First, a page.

Friday Evening Question #8: Cars That Disappoint Under the Hood

(REPOST) You step on the gas pedal, and instead of getting the rush of amazing sound and power you were expecting, you get an underwhelming feeling. There have always been great cars that have been let down by their power plants—the MR-S, USDM E36 M3, 240SX, SN95, later C3 Corvettes, and (most recently) the Toyobaru twins have all had somewhat disappointing, while good, engines. Please understand that I'm not saying that the engines these cars came equipped with were inherently bad, but simply let the rest of the car/lineage down a bit. Because of the exciting onset of the AE86's spiritual successor, we have realized that we should embrace a car for how it drives and not how fast it drives. We realize that a car's handling and other attributes are more important than MOAR POWER. But, even if it's not about the engine being fast, it's about the engine being right. The boxer engine in the BR-Z/FR-S/GT86 is often bemoaned because it doesn't have a particularly exciting power delivery or sound and doesn't really make up for it with power. Sure, the aftermarket is perfectly fine (as is the engine); however, most any engine can be awesome with tons of modifications and tweaking and the car really should be available with a performance-oriented unit.

Friday Evening Question #8: Cars That Disappoint Under the Hood

I'm going to use the 240SX as the prime example here. The Toyobaru is what made me think of the topic for this FEQ, but it really is not that bad of a fit by most accounts. The S13 chassis was one of the best of its time, delivering a great driving experience, fantastic handling, and astounding value. Perhaps Nissan took value to a bit of an extreme by only offering the car with a KA24-DE engine designed for use in the Hardbody truck. It was great as an economy truck four—plenty of torque, decent efficiency, and very robust. Despite these good qualities, the sheer number of SR20DET swaps done over here in the states should give you an idea of whether people thought the engine had a place in the car. It just did not quite satisfy people who wanted something up-to-par with the other great qualities of the car. Perhaps the KA24 made the car a better daily driver or workhorse beater or hoonmobile, but a better sports car it did not. Again, I am not saying it was all that big of a letdown, but it truly did have the same effect (although to a greater extent) on people as the boxer in the FR-S has to some. It's a slightly weaker link in the car. People deemed that it deserved an engine swap, and looked for an engine that Nissan to swap in that should have installed in the first place: the SR20. These days, more and more people who appreciate the merits of the FR-S/BR-Z/GT86 (is there an easy way to refer to them other than Toyobaru?) and have money look straight to the aftermarket to improve the performance and sound of the FA20, as well as doing engine swaps. So, this week's Friday Evening Question is:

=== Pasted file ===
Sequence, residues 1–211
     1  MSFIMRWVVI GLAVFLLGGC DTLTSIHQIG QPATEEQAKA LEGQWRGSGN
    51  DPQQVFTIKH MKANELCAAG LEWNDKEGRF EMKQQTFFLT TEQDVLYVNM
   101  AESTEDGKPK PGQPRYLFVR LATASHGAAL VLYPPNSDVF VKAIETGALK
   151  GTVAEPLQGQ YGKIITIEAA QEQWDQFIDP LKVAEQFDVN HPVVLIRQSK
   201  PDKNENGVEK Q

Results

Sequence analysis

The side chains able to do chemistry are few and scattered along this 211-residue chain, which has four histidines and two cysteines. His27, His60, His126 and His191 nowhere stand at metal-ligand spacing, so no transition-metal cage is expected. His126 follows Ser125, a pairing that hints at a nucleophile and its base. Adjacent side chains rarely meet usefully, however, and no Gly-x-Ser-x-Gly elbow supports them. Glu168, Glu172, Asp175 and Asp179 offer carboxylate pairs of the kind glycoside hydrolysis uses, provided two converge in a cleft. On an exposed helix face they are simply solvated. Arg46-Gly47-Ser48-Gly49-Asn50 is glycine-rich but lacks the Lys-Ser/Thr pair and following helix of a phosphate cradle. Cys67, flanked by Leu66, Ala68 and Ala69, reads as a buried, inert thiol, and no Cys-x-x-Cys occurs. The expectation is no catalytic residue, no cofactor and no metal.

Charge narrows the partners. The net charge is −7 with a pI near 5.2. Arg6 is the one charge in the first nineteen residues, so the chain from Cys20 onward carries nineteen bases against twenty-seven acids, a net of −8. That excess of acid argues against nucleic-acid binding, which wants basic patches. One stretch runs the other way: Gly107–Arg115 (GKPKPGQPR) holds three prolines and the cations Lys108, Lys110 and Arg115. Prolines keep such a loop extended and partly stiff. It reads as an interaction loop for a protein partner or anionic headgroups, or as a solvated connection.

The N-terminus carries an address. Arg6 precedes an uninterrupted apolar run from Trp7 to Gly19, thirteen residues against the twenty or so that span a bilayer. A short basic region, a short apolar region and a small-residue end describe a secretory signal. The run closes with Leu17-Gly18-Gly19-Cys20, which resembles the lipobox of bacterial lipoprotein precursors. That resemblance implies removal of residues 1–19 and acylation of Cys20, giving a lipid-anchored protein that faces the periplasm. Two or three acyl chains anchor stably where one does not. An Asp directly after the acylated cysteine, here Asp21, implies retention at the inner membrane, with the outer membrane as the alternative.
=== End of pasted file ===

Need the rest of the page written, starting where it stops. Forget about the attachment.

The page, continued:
What good cars deserve engine swaps to become truly great?

Friday Evening Question #8: Cars That Disappoint Under the Hood

Questions of Friday Evenings Past:

#7: Cars That Look All Wrong for the Part

#6: Ugliest Dream Garage

#5: Automotive Dopplegangers

#4: Options in a World of Compromise

#3: What cars have vast price ranges?

#2: What are the "douchiest" cars out there?

#1: What cars that look slippery but really aren't aerodynamic?/What cars that look slippery but really aren't aerodynamic?